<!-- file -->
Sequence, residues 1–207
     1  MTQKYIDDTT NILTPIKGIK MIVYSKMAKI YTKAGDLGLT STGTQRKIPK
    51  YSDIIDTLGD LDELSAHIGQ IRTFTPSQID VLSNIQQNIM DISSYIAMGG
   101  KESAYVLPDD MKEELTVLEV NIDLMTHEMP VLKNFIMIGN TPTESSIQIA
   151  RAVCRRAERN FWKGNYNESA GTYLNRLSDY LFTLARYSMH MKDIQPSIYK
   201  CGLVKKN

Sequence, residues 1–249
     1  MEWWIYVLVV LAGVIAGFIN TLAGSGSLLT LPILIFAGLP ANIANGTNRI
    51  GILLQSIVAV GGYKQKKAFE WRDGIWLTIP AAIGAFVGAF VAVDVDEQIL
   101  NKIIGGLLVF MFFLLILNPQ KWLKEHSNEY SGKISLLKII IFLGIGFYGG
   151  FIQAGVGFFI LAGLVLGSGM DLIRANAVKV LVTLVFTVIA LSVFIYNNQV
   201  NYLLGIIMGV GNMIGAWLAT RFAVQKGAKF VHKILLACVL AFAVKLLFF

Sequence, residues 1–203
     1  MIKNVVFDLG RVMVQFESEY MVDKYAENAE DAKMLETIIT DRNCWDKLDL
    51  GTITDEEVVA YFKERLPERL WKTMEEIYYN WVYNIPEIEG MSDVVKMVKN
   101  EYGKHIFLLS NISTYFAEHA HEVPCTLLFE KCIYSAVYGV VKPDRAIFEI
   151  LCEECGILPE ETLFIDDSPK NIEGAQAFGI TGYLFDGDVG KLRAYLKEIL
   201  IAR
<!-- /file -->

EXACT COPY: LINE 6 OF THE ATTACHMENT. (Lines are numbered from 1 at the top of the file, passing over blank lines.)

   201  CGLVKKN